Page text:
These managers fail to notice that the predictability and controllability of the work itself has changed dramatically in the past decade. What managers do and what professors of management study may not be as relevant as they once were. But since neither look very closely at the challenge involved in getting work accomplished, the mental images they carry around are not challenged.
This book, then, is an effort to look more deeply at what I think are basic failures in how American managers manage that are inconsistent with the needs of the real work of modern business. By seeking to explain where those failures came from (ironically, their source lies in efforts to make management more scientific), the case data provide very different management principles than those that have been dominant in U.S. business and business education for almost a century.
The case data that will be examined focus on managers who ought to be on the cutting edge of change. It is the middle managers who should have the responsibility for making things happen, for achieving integration and coordination among tasks and functions and overcoming the defects in plans and systems.
THE HEAVY HAND OF THE PAST
Most of what managers think of as the heart of their jobs has little or nothing to do with these problems, which weren't envisioned by either the fathers (or fathers and mothers) of scientific management or their offspring. They thought more of hierarchies than lateral coordination and integration challenges, hierarchies in which clear and fixed plans would get passed down and results passed up (with certain contingencies to take effect when results were especially good or bad).
The result is that American managers for the most part think of their job in hierarchical terms: pleasing the boss and satisfying subordinates. There will of course be occasional work problems requiring involvement, it is assumed, particularly if one is a manufacturing manager (given how equipment and suppliers can misbehave). But most managers believe that involvement with work is a major defect reflecting either unsatisfied needs to give up managing (and go back to being a worker) or a distrust of subordinates. Worse yet, involvement demotivates subordinates.
Most managers are never taught, or fail to learn, that the heart of their job as managers is work leadership, facilitating coordination and integration in order to get work done. This neglected but critical responsibility involves change, but a very different kind of change than is envisioned by those who assert that leaders have to be transformational (that is, have a vision of some consequential discontinuity and seek to bring that to fruition).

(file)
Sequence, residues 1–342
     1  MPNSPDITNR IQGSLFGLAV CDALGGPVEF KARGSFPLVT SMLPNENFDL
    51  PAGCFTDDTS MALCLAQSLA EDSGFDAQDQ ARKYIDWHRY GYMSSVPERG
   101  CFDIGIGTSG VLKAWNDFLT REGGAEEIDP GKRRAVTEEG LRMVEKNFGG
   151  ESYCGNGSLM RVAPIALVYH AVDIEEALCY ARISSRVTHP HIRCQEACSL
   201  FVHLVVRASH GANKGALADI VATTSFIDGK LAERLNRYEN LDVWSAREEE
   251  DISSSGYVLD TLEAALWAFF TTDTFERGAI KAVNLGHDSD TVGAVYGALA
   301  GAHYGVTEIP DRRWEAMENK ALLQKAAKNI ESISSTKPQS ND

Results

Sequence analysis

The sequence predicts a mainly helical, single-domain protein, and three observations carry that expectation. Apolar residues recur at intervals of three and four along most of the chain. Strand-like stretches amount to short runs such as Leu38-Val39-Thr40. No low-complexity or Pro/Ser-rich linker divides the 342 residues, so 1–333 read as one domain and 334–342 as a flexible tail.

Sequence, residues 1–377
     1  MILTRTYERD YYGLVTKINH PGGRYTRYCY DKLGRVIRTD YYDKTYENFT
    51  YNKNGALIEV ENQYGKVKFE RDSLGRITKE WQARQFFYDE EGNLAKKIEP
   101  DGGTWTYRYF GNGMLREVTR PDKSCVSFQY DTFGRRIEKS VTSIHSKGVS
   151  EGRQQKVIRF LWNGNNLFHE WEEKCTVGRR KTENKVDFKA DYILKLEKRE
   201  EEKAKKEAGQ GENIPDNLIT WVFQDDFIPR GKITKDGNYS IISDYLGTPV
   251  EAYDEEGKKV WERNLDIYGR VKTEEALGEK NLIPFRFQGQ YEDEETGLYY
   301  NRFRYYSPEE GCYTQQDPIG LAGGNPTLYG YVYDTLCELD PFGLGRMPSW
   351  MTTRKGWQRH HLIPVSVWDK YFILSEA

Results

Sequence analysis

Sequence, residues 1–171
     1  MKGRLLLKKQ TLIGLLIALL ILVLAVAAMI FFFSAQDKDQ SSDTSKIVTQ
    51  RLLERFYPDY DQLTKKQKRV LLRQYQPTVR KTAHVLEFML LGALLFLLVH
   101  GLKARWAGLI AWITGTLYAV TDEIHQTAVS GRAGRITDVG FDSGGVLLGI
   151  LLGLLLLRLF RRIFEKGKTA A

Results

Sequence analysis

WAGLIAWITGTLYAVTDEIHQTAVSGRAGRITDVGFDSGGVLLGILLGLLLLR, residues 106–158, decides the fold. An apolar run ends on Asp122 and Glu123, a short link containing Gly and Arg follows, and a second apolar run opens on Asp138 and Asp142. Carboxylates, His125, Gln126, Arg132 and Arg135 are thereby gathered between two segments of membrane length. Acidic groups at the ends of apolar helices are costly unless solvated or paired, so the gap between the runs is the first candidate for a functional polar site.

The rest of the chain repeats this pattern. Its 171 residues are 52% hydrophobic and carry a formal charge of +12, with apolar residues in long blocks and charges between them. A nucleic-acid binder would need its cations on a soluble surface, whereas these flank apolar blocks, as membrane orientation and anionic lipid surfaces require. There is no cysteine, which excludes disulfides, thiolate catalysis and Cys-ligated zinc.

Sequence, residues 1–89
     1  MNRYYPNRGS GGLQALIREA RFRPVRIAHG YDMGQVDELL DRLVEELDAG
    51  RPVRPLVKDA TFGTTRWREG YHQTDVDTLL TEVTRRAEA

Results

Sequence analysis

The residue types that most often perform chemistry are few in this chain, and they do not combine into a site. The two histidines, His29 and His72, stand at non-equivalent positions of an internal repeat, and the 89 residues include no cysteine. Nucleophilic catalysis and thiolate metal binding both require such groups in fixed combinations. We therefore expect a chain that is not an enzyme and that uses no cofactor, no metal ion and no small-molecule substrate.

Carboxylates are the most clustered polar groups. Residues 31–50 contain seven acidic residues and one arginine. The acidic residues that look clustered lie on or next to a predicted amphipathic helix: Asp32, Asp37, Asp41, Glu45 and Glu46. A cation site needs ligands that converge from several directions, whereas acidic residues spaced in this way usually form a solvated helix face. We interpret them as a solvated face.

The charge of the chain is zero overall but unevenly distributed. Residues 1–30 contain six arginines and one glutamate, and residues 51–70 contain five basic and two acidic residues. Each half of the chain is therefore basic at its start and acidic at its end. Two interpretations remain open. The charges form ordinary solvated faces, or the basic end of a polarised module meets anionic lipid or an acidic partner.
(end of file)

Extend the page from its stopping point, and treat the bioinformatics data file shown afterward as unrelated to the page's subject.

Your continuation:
THE FUTURE IS NOW
The leadership of the coming decade will diverge from concerns with personality and satisfaction to a focus on work systems and technology. But these concerns do not make relationships and interpersonal effectiveness less relevant. Quite the contrary, continuously improving work effectiveness requires even greater leadership skills than old-fashioned, compartmentalized "people" problems. Almost every modification in technology, no matter how trivial, requires a good deal of information, communication, and persuasion, not to mention persistence and perseverance, all of which derive from leadership capabilities.
Organizations will demand much more value added from their managers. The recurring cutting out of managerial levels and slimming down of overhead and staffs are sharp testimony to the increasing recognition that many managers have not been earning their way. What could the managers of a company have been doing when, under market pressures, they can cut almost half their people, square footage, and inventory and still produce the same volume of merchandise? Organizations often become bloated with extra layers of management and accompanying staff when coordination problems fester and managers "run to stand still."
To be sure, as the reader will see, the fault is often in the inducements, rigidities, and role models provided by senior management. But that aside, managers will have to be able to demonstrate their ability to create more self-maintaining work systems, instead of constant fire fighting. Ironically, as many cases will illustrate, the need for individual leadership skill increases even though business appears to be dominated by impersonal, technology-based systems.
The chapters that follow provide an explanation of why today's managers have to be much more involved in the management of work than Americans have presumed (as well as what form that involvement should take). Otherwise, given a high level of change, uncertainty, and the need for continuous improvements in quality and efficiency, companies become littered with temporary "patches" and new one-shot (but expensive) improvement schemes.
Neither the annual plan, the systems, nor the hierarchy work any more to keep everyone and everything in a "straight line." The reason is not politics or sloth or stupidity; it is because the interrelationships among functions, jobs, and departments are now so complex and dynamic that there can be no real coordination among the parts without continuing, astute managerial inputs. Citicorp's CEO, John Reed, said in 1991 that he expects far fewer meetings and less emphasis on plans, with "judgment replacing a lot of three year plans that no one ever looked at.''2 This is a far cry from what CEOs such as Reed were saying only a year or two earlier.
Thus, this is a book about what managers need to do to make organizations stay organized; to make things work. It describes a view of managerial jobs and roles in which effectuating work, handling teams, and work flow relationships are more important than the traditional hierarchical boss-subordinate relations. This is what is both truly important and immensely difficult -- and what American management hasn't known much about doing.
For American business effectiveness to improve, managers have to add value. They have to do those things that directly affect productivity. In the past, most companies have been content to have managers contribute indirectly by their planning, standard setting and controls, and motivational skills. This ignores the enormous work leadership needs of modern business.
Copyright © 1993 by Leonard R. Sayles